UConn tops Kentucky for fourth men’s NCAA title

Posted April 07, 2014, at 11:36 p.m.
Last modified April 08, 2014, at 10:11 a.m.
Connecticut's Phillip Nolan (0) and DeAndre Daniels (2) defend Kentucky's Julius Randle during the second half  in the NCAA championship game at AT&T Stadium in Arlington, Texas, Monday night.
Tom Fox | MCT
Connecticut's Phillip Nolan (0) and DeAndre Daniels (2) defend Kentucky's Julius Randle during the second half in the NCAA championship game at AT&T Stadium in Arlington, Texas, Monday night.

ARLINGTON, Texas — Among Kevin Ollie’s many notable phrases is “believing in the dark.” He expects his players to believe, even when they can’t see.

When he took them to the site of the Final Four in January, he expected them to believe. When he grabbed the mic at Gampel Pavilion and told the 10,000 fans he planned to come back in April and hang a banner, he expected them to believe.

Really, Coach? The way the Huskies were playing in Texas in January, the way they struggled to beat Rutgers on senior night and were blown out at Louisville three days later.

Really. The Huskies completed an improbable run through the NCAA Tournament as a No. 7 seed and finally cashed the very big check Kevin Ollie wrote for them. They finished it with a 60-54 victory over Kentucky in the national championship game before 79,238 at AT&T Stadium on Monday night.

Ollie also famously said, “We take the stairs and not the escalator.” Those stairs have taken them to the national championship.

Make room for another banner at Gampel. Ollie will be hanging the fourth championship banner in school history, his first, in only 19 months after replacing Jim Calhoun.

UConn is 4-0 in national championship games, having also won in 1999, 2004 and 2011.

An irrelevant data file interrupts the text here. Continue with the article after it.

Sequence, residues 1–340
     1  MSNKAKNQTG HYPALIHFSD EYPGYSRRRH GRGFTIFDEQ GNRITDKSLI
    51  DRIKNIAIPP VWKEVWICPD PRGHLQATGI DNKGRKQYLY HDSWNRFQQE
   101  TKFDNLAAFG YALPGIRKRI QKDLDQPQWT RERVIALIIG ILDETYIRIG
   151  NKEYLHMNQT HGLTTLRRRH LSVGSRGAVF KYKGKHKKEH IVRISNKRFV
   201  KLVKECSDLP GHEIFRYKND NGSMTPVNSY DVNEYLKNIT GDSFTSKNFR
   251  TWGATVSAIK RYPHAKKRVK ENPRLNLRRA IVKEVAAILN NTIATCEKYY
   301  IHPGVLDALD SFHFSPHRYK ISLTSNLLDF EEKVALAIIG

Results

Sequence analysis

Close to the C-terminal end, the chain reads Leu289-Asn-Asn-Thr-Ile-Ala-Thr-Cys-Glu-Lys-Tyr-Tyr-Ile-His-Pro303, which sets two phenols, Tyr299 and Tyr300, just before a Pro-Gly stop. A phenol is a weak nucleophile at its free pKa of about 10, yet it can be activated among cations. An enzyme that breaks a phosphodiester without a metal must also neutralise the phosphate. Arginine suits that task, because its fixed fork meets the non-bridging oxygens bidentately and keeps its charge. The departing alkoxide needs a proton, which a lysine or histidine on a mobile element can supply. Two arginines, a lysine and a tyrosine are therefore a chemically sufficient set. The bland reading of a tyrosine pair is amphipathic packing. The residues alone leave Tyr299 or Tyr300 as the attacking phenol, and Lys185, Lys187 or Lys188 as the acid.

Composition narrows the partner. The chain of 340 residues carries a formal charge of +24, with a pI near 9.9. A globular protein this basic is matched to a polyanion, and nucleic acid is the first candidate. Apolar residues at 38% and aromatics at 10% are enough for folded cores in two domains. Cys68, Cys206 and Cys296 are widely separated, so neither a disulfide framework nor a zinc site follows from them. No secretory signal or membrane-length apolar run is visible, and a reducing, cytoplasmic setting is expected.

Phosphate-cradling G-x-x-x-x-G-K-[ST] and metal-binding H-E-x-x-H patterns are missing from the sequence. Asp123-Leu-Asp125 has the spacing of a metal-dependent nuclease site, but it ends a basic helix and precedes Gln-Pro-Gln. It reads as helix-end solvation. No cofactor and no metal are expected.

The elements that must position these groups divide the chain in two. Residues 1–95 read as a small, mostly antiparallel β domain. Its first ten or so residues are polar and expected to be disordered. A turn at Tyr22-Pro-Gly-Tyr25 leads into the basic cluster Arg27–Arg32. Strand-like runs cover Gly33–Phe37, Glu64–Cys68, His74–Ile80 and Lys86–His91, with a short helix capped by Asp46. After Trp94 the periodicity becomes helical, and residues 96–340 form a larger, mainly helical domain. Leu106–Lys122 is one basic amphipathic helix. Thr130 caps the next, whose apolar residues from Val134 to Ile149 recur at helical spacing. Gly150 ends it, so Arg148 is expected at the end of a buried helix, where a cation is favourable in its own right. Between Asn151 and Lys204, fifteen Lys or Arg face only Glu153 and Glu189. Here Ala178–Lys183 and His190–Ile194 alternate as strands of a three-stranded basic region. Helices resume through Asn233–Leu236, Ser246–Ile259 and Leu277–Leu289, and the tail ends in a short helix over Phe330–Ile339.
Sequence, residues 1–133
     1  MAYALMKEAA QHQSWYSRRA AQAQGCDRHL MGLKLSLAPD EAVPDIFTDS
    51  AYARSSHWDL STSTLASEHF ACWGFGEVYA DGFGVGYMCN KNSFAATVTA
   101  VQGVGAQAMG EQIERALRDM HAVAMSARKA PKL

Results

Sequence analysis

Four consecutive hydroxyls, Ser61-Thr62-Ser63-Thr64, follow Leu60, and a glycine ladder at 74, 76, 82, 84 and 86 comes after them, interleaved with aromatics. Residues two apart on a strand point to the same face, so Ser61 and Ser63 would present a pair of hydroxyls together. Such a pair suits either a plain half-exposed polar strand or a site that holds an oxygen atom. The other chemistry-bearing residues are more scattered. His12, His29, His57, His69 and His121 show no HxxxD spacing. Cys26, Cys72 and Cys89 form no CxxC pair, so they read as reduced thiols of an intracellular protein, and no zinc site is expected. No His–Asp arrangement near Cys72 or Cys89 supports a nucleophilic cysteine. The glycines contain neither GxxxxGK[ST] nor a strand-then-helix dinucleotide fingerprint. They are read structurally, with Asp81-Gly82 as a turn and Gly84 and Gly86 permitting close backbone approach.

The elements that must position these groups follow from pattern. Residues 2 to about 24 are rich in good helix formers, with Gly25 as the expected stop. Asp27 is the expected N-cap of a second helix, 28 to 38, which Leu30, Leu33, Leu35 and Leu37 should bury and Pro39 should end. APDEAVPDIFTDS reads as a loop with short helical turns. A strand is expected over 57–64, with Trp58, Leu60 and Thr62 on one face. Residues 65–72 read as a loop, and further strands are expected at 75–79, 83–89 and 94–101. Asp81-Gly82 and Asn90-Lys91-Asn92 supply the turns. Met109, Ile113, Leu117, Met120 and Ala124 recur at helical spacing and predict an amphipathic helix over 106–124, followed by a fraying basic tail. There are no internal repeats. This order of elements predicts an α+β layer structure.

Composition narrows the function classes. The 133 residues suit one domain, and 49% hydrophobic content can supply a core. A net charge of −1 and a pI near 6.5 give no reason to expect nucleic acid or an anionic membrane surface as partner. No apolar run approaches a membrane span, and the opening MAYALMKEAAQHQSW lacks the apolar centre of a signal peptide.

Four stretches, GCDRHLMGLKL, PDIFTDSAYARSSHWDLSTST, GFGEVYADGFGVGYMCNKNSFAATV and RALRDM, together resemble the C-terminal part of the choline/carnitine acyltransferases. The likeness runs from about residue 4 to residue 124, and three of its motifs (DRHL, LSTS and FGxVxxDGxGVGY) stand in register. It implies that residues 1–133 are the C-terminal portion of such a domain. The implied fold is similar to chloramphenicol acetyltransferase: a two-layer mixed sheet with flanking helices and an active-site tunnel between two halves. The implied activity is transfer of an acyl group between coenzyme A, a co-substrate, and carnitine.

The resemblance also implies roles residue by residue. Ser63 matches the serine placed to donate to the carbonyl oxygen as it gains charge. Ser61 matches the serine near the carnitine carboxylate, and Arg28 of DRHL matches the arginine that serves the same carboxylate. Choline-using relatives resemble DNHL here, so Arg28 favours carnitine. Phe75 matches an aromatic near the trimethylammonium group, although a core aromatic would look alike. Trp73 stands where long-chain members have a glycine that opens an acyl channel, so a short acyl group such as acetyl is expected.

And as in 2004, the Huskies can own two national titles if the UConn women beat Notre Dame Tuesday night in Nashville. Both teams are undefeated.

Shabazz Napier scored 22 points, Ryan Boatright 14 and Niels Giffey 10 as UConn sent the Wildcats’ five freshmen, one of the highest rated recruiting class, home, and probably to the NBA, empty handed. Kentucky (29-11) was the top-ranked team in the preseason, but did not begin playing like it until making its own crazy tournament run. Kentucky never led in the game.

The Huskies (32-8) opened up an early 15-point lead and spent the rest of the game hanging on to it with all the tenacity they could muster. The Wildcats cut it down to four at the half, and down to one early in the second half.

UConn put together a 7-0 run to stretch it back out to nine points with 11:39 to play, but again the Wildcats surged back quickly. By this time, they had gotten UConn’s big men, including DeAndre Daniels, in foul trouble. But Kentucky was missing half its free throws, and the Huskies continued to cling to a slim lead.

Napier hit a three-pointer, a tough, contested shot at the end of the clock, to put UConn ahead by four, and Giffey hit another on the next possession to make it 54-49. Daniels scored off a lob pass from Boatright to make 58-52 game, and the Huskies had a chance to finally lock it down. James Young scored 20 points for the ‘Cats.

UConn started out doing all the things it did against Florida, and more. The Huskies’ defense harried Kentucky into six early turnovers – whereas the Wildcats had only four in the entire semifinal game against Wisconsin.

Napier hit two three-point shots, scoring 13 points in the first 14 minutes, and Boatright was as effective on offense as he was on defense. UConn jumped to a 19-10 lead on Boatright’s pull-up jumper and extended it to 30-15with 5:59 left in the half on two free throws by Giffey.

The Huskies had a slight edge in rebounding to that point and were dominating in the paint, but Kentucky stopped turning it over and its best big man, Julius Randle, began to take over. James Young hit three-pointers on back-to-back possessions to pull the Wildcats to seven, and Randle powered through the lane for two baskets late in the half. Kentucky cut UConn’s lead to 35-31 at the break, the momentum having clearly shifted.

Andrew Harrison’s three opened the second half and cut the lead to one, but Boatright responded with another pull-up jumper.

The momentum was up for grabs over the early minutes of the half but Wildcats were not capitalizing on their chances at the free throw line and the Huskies held their lead. Daniels, who was having a quiet game, scored on a tip-in, and Giffey hit a big three-pointer to restore the lead to five, 44-39. Boatright made a steal at midcourt and drew a foul as he went to the rim, and hit both from the line – the Huskies were 8-for-8 – to put UConn ahead 47-39 with 11:39 to play. Then Napier scored to make it a nine-point game again.

Young completed a three-point play to make it 48-42 as the game crossed the 10-minute mark.

Distributed by MCT Information Services

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